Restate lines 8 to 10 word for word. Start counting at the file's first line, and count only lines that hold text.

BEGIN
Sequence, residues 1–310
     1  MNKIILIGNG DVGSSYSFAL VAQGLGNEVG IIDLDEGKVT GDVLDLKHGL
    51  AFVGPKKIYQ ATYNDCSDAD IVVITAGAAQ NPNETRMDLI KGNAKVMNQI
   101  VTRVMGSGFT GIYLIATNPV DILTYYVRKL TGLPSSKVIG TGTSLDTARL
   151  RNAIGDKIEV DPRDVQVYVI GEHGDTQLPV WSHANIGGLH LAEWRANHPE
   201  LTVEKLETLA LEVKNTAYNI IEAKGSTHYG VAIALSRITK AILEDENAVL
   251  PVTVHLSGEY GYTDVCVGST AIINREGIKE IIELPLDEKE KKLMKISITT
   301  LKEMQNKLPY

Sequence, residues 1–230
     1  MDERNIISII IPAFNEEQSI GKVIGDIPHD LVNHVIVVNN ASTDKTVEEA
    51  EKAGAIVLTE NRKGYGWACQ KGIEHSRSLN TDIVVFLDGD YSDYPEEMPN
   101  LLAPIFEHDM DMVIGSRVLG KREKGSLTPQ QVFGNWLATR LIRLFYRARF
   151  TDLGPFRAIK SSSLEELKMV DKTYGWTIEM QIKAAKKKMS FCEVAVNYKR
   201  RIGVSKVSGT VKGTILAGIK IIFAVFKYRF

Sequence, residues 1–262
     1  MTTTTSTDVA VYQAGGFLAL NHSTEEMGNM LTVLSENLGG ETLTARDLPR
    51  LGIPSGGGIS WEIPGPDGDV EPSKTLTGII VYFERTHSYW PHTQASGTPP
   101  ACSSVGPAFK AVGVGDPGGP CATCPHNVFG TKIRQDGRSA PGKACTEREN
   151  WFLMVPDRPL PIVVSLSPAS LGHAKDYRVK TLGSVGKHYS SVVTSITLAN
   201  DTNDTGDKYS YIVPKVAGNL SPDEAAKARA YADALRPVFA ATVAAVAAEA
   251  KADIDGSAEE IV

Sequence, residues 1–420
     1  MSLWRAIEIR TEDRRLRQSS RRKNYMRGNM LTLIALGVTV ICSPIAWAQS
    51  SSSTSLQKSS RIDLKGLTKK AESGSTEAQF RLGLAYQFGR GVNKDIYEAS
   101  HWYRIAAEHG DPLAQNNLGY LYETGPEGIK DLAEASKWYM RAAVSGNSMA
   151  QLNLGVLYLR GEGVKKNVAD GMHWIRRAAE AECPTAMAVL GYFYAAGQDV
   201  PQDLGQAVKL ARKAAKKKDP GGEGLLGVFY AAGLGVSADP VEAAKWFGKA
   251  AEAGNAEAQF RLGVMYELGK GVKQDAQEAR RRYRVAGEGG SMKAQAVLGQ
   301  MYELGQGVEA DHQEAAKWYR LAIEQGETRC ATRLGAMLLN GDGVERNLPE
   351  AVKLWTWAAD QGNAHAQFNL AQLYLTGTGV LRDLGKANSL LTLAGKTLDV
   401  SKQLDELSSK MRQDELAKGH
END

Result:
   301  LKEMQNKLPY

Sequence, residues 1–230
     1  MDERNIISII IPAFNEEQSI GKVIGDIPHD LVNHVIVVNN ASTDKTVEEA